Or: Statistics, with Commentary
How did the statistician die on his camping trip? He tried fording a river that was three feet deep on average.
I suspect most of us know that statistics can be misleading, but they're still one of the most important tools we have for understanding the world around us. Just ask any baseball fan. Or meteorologist. Or political analyst. (Actually, maybe not political analysts. Best to just slowly back away and not make eye contact with them.)
One of the biggest problems with statistical data actually comes from one of our greatest strengths: our pattern recognition ability. No computer in the world comes close to our ability to spot patterns, but sometimes that very ability backfires on us.
We often start looking for patterns in the data that aren't actually there. An absurd example is the correlation between pirates and global warming—as the number of pirates goes down, global temperatures go up. Sports superstitions are another good example: my favorite team won when I wore my lucky hat, so they'll lose if I don't wear it while they're playing.
Even if you entirely avoid the false pattern recognition pitfall, you still have a lot to consider.
Humans also tend to remember the negative more often than not: when the weatherman's wrong, you remember that better than all the (many more) times he’s been right. Commercial weather channels often artificially inflate low chances of rain—say, from 5-10% up to 20%—so that if it doesn't rain it seems like a nice bonus. And if it does rain, well, 20% isn't nearly as low risk as 5%. We like it when errors fall in our favor.
So you're keeping your eyes open for suspect statistics. Great. Now you just have to keep on the lookout for the possibility that the people presenting the statistics are deliberately misleading you. Assuming they haven't just made up the data entirely (less common than you'd expect, since it's so easy to mislead with real data), you've still got to worry about them changing the scale of one of the axes of a graph, switching the axis themselves, or using one of a thousand different tricks within the math behind the data.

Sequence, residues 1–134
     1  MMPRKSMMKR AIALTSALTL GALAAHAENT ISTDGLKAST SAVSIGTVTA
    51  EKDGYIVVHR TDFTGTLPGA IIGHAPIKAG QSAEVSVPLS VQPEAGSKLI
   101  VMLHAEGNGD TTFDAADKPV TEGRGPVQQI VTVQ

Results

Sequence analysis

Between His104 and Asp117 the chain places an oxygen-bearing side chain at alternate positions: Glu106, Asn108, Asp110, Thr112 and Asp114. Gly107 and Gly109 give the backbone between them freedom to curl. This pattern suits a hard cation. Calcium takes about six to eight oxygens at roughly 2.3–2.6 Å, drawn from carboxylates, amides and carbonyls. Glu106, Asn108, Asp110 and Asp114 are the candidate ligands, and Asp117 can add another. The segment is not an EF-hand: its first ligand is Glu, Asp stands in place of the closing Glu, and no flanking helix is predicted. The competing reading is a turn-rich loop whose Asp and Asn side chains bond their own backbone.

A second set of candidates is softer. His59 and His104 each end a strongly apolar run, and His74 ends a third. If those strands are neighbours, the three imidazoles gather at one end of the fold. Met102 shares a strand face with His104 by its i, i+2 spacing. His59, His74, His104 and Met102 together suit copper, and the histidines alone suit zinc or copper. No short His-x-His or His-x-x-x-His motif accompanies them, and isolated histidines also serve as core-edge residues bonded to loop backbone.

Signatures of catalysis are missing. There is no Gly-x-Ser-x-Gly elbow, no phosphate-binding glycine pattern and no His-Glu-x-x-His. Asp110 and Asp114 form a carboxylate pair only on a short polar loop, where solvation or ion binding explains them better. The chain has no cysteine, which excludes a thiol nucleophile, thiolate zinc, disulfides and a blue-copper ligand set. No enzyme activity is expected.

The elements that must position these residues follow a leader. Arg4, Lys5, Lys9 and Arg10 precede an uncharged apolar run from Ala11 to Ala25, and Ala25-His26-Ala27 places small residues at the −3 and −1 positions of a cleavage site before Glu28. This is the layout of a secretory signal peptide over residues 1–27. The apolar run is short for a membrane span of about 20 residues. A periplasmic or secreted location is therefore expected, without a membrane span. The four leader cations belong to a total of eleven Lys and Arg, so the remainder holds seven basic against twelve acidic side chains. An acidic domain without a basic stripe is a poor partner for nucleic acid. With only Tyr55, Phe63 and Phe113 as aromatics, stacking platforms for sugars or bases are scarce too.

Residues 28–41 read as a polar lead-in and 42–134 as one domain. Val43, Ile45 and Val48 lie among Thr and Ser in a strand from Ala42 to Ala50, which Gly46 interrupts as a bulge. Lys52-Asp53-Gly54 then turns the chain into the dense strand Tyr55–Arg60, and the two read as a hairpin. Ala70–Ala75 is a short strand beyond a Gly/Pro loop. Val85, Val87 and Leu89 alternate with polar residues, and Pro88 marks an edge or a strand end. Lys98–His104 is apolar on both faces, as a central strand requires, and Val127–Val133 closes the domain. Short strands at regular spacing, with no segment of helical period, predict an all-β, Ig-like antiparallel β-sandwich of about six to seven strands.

A quick example of another trick people can play with data: I recently saw a chart that was supposed to show Victorian England as a safer place to live than the modern day by comparing crimes per capita.
The problem with that? Society's definition of a crime. Crimes that we legislate against and prosecute tend to change over time. We currently have more laws today than at any other point in our history, so it's not surprising that we have more criminal charges per capita. In my example, what historians and criminologists actually use for comparison is murders per capita, because that's always a crime. By that metric, we're a lot safer than Victorian England. (Among other things, muggers today are less fond of garroting their victims.)
It's easy to play tricks like this—using categories of data that seem comparable but really aren't.
How can you look out for statistical shenanigans, if they're so easy to pull off? First, and easiest, try to stick with reliable, well known publications with solid reputations. (Of course, if you're far to one side or the other on the political spectrum, you're probably convinced they're a tool of the other side.)
Second, and much more difficult: Educate yourself. Learn to read data in a discerning matter and familiarize yourself with the subject matter. A good book to start with is Nate Silver's The Signal and the Noise.
Of course, you could just look for data and news sources that agree with what you already think. Confirmation bias is fun!
I kid a lot with my pal Jeff at The Yard Ramp Guy. And now, also this: I'm seriously proud of my friends and colleagues at that fine company on their receiving the Blue Star award from Bluff Manufacturing, which has recognized them as a Gold Dealer of Excellence. Absolutely fitting, and absolutely right.
Okay, enough mush. Dear Yard Ramp Guy, statistically I stay quotable each week more than you (but who’s counting?).
“There are lies, damned lies, and statistics."
— Mark Twain